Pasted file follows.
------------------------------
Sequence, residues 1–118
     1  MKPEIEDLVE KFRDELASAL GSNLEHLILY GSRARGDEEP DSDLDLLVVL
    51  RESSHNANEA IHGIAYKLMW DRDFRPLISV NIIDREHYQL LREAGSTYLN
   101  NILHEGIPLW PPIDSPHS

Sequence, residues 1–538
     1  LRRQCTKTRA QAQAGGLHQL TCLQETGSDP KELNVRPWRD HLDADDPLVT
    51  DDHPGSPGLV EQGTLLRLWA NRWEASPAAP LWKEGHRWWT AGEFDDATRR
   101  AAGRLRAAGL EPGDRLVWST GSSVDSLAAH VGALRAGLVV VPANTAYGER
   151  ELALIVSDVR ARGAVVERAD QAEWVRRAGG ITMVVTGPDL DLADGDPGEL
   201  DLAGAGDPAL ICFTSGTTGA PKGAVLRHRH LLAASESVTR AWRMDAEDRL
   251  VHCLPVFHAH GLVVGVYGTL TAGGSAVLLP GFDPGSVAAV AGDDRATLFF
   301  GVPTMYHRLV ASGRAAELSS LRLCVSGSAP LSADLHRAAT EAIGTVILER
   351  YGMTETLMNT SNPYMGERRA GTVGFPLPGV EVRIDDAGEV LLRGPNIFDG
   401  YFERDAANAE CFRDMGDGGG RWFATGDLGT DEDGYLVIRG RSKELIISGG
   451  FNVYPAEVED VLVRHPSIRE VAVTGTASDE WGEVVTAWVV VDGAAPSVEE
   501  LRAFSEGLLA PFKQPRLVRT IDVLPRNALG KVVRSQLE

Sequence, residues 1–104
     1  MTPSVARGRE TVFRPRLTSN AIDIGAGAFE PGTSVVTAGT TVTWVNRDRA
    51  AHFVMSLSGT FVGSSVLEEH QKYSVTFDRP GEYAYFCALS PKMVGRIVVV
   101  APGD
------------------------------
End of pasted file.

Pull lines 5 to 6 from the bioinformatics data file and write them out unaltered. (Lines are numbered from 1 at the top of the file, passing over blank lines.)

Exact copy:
Sequence, residues 1–538
     1  LRRQCTKTRA QAQAGGLHQL TCLQETGSDP KELNVRPWRD HLDADDPLVT